The origins are long-lasting and a first example comes from the Italian Renaissance, with the droodle of a blind beggar around a corner, the work of the painter Agostino Carracci (1557-1602). But the widest diffusion of droodles occurs only from the second half of the last century, by the hand of the American Roger Price (1918-1990), one of the founders of the US publishing house Price Stern Sloan that issued the book Murphy's Law. When Simon & Schuster published Price’s Droodles in 1953 achieving resounding success, the volume launched a droodle craze fueled by a series of college newspaper ads offering cash prizes for droodles created by college students. In 1954, Price also hosted a Droodles television game show with panelists Marc Connelly, Denise Lor, and Carl Reiner. Over the years, many of the drawings (minus the author's droll commentary) have been reprinted in collections such as Classic Droodles. One of Price’s original droodles serves as the cover art for 1982 album Ship Arriving Too Late to Save a Drowning Witch by Frank Zappa.
The resolution of those puzzles would not be possible without an innate tendency of the human brain: pareidolia (from the Greek εἴδωλον - eídōlon, ‘image,’ with the prefix παρά - parà, ‘alongside’), that is the subconscious illusion with which known figures are associated with random shapes. It is an innate human tendency to impose meaning on ambiguous forms. Just think about the primordial drawings of small children, the scribbles we make while talking on the phone or listening to a boring speaker, about the deeper abstraction by famous artists, the constellations, the pattern of the clouds flying over us.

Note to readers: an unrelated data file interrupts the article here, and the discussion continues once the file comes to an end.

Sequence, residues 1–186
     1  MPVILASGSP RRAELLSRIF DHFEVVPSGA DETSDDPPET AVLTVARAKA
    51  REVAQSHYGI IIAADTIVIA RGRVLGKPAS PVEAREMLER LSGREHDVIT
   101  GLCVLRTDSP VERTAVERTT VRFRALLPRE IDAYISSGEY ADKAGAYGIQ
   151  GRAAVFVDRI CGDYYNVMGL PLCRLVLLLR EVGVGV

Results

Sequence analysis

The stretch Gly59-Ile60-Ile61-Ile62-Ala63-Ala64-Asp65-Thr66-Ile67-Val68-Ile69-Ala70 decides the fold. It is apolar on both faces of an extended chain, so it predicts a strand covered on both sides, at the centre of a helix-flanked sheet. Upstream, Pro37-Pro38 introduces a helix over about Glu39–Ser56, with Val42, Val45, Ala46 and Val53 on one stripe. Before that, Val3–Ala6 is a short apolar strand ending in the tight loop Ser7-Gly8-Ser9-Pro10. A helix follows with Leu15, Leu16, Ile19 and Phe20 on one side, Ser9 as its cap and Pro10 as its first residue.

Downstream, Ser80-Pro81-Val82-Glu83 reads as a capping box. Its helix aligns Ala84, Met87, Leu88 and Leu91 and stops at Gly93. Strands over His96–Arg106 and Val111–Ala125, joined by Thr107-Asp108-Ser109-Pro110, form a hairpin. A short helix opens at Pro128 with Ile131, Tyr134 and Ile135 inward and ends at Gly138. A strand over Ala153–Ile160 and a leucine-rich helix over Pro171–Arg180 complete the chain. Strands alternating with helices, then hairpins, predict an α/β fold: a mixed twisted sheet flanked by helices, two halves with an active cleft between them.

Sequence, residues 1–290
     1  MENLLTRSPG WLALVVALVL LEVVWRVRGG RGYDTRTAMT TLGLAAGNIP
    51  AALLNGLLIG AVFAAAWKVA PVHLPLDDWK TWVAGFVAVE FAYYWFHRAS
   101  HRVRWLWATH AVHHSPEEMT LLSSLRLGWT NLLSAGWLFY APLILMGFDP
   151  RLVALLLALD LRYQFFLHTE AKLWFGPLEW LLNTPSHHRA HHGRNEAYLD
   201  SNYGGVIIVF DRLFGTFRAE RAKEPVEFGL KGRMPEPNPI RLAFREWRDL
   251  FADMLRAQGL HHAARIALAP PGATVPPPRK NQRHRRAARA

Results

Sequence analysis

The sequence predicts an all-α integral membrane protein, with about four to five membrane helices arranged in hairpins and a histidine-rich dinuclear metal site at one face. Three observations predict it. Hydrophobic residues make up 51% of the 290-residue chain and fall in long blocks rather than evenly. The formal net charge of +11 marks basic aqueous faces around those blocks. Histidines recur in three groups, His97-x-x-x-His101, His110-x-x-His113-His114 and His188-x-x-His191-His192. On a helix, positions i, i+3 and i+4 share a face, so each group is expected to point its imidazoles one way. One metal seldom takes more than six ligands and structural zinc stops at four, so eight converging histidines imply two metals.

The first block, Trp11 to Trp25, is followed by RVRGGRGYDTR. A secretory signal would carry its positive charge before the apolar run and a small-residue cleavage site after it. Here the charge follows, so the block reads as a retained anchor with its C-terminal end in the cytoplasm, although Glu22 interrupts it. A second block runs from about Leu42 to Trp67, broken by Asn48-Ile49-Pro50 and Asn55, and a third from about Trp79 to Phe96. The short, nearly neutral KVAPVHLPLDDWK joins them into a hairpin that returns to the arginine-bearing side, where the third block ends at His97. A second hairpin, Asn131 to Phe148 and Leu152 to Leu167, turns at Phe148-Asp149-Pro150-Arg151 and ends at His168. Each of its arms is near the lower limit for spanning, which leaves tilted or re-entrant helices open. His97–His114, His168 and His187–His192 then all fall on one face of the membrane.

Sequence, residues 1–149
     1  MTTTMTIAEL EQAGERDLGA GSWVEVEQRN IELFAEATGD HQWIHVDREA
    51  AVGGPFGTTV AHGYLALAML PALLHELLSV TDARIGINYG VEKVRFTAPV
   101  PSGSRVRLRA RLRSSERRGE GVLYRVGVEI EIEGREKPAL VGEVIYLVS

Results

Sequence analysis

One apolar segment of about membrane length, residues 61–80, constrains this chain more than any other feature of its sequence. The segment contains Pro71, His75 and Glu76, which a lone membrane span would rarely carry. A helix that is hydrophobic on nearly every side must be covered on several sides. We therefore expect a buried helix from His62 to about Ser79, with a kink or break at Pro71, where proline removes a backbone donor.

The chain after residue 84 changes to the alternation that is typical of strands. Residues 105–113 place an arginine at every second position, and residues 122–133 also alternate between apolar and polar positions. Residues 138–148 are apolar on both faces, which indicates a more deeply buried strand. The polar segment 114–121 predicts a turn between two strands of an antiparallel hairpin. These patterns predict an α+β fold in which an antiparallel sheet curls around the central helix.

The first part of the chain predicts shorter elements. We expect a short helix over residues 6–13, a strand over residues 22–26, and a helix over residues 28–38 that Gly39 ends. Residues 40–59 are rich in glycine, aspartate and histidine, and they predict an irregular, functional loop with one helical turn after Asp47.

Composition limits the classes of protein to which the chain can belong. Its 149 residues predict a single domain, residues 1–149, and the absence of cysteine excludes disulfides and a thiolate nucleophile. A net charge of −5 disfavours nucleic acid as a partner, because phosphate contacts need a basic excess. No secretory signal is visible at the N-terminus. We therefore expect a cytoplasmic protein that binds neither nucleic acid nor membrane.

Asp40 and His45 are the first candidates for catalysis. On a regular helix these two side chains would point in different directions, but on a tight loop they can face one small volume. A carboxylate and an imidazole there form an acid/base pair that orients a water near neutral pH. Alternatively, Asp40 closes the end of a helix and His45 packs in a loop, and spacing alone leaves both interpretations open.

Ancient stimuli and modern suggestions
This innate ability is probably due to the need our prehistoric ancestors had to recognize a potential predator camouflaged among nature: being able to connect a few visible elements to identify a ferocious animal was necessary for the survival of the species.
In the long evolutionary process, the world around us, full of all kinds of stimuli, has induced the human mind to unconsciously create and implement a data archive such as to provide an answer for each question in the shortest possible time. This processing “from bottom to top” (bottom-up processing) with which we collect information on reality, if influenced by personal and socio-cultural expectations, is reversed by going “from top to bottom” (top-down processing). And it is thanks to such phenomenon that we manage to cope with the apparent lack of sense of lines and shapes, the basic ingredients of droodles. By assigning them pre-filled labels, everything will turn out to be more familiar and the puzzle will be solved.
This is how a simple whim of the imagination can boast infinite keys to the interpretation, amusing young and old. The droodle is something more than an infographic: it is an abstract graphic enigma capable of satisfying curiosity and opening the mind.